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Fried aquastat

T. J.
T. J. Member Posts: 47
edited October 2017 in Thermostats and Controls
I have a Honeywell L8148E1265/U controlling my New Yorker boiler on my hydronic heating system (single zone with a mixture of baseboards and fan/coil convectors).

When I tried to start it up for the first time this season, the thermostats turned on the convector's relays and sent voltage to the aquastat, but nothing happened on the boiler end. The burner didn't fire up, the circulator didn't turn on and the damper didn't open. I thought I smelled something burning ever so slightly, so when I took off the cover of the aquastat, sure enough, it looked like the circulator relay burned up and must've taken everything out with it.

I have two questions:

1. In your opinion, is replacing the aquastat something a homeowner whose performed some plumbing and wiring in the past accomplish himself? I know I don't have to drain the boiler or anything, but is the immersion well setup complicated procedure?
2. Is it possible that a stalled rotor or something else wrong with the circulator could have taken out the aquastat and I actually have two failures? If so, what's a safe way to test the circulator? It's a Grundfos 15-42F.

T. J.


  • unclejohn
    unclejohn Member Posts: 1,759
    If you can get the exact same aqua stat down to the last number it will be a wire for wire change out. Don't normally see that kind of failure so something else most likely wrong. If you don't get a normal start up with in 10 seconds of power up shut it off and call some one.
  • Alan Welch
    Alan Welch Member Posts: 255
    Any possibility water from above dripped on the control? A major cause of control failure. To check the circulator, with power to control off,disconnect wire from terminals c1 and c2. Then power those wires carefully from another source . The circulator should run normally.
  • T. J.
    T. J. Member Posts: 47

    Any possibility water from above dripped on the control? A major cause of control failure.

    Wow, I never connected the two, but we did have a 10 gallon fish tank leak and drain out overnight a couple of weeks ago in the living room above which made it's way through to the basement, but the leaking seemed to be confined to a couple of feet away and on the other side of the boiler. I guess it's possible that some of the water could have wicked along the beams above in the basement and dripped on it a bit, but I didn't see any evidence in that area at the time. Not beyond possibility, I'd imagine, though.
  • T. J.
    T. J. Member Posts: 47
    Regarding replacement. I don't see a set screw at the bottom of the immersion spud as seen in the shot I took of my setup (looking up from below, aquastat on right and the supply elbow in the center which contains the immersion well).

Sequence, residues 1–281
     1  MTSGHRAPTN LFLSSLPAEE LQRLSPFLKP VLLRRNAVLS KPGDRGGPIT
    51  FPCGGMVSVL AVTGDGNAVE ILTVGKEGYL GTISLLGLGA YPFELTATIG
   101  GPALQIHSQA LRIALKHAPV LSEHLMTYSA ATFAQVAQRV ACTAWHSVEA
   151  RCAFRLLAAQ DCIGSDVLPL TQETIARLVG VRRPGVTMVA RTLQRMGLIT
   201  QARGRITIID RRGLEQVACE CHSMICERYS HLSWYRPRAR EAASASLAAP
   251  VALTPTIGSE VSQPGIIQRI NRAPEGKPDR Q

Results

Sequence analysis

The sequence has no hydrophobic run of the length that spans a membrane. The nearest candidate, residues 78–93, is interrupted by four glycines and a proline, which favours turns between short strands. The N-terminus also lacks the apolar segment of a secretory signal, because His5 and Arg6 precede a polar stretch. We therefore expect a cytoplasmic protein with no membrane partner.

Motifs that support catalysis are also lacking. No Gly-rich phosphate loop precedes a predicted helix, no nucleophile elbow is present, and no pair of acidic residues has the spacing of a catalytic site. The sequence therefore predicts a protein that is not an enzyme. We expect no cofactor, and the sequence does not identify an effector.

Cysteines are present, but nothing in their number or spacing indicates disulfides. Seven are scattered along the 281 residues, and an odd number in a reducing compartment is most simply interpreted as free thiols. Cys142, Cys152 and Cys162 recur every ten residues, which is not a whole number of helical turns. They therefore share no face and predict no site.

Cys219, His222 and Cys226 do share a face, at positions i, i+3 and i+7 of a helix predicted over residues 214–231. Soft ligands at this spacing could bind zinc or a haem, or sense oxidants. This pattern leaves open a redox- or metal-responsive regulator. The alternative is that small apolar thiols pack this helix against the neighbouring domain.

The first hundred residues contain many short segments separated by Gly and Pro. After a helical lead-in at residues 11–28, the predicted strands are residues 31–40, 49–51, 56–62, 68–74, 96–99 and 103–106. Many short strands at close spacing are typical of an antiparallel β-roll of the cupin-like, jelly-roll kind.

The instructions for the 8148 aquastat depict a set screw to remove the old unit. Does my setup indicate that I need to drain the system and remove the entire well?
  • STEVEusaPA
    STEVEusaPA Member Posts: 5,776
    The actual well, yes. If you can isolate the boiler, and turn off the water feed, you'll have to drain it to below the well to change it (if it's leaking). Or if you go with an electronic control, you may have to change it if required to allow the low water cut-off to work.
    EBEBRATT-Ed Member Posts: 12,314
    I think the screw your looking for may be in your picture. if you replace the control with the same model you do not have to drain the boiler or change the well
  • SeymourCates
    SeymourCates Member Posts: 162
    Ed is correct. You do not need to change the well. Just turn that hex screw in the photo and the aquastat will release from the well.

    One of the primary failure modes of the HW controls is the failure to properly wrap the wire at least 3/4 turn beneath the screw head. Many installers just catch the side of the wire (because a full wrap is difficult and time consuming) and the heat buildup beneath the head of the screw eventually takes out the entire control.
  • BobC
    BobC Member Posts: 5,317
    If you can put that old control apart and see if it's a printed circuit card. If it is you may find a faulty solder joint caused overheating and failure.

    Smith G8-3 with EZ Gas @ 90,000 BTU, Single pipe steam
    Vaporstat with a 12oz cut-out and 4oz cut-in
    3PSI gauge
    HVACNUT Member Posts: 4,654
    The 5/16 hex bolt in your 2nd pic is what loosens the aquastat from the well. It's a clamp inside so you might have to give it a little smack to pop it free.
    Take a pic of the wiring so you know for sure where everything goes.
    Looks like someone used pump pliers instead of a box wrench to install the well. Yuck.
    Do you have a low water cutoff?
    If not, look into the Hydrostat 3200 Plus. Then you will need to change the well, and use a Hydrostat well.
    The Hydrostat aquastat will give you low water cutoff protection, has boiler reset, or an optional ODR.
    Even if a LWCO is already there, you can use the 3200 Plus and NOT change the well. There's a lot more room in there to wire it up as opposed to the L8148.
  • T. J.
    T. J. Member Posts: 47
    That screw indeed released the unit from the spud. On the new unit, I coated the bulb with the thermal grease and crimped on new spade connectors with self-sealing heat shrink tubing on a lot of the wiring as some of the old connectors looked a bit flimsy.

    Here's what it looked like after I sewed everything back together....

    Everything works great and I have heat! Thanks to all for the advice. BTW, I took apart the old aquastat. You can see the damage....

    EBEBRATT-Ed Member Posts: 12,314
    good job!!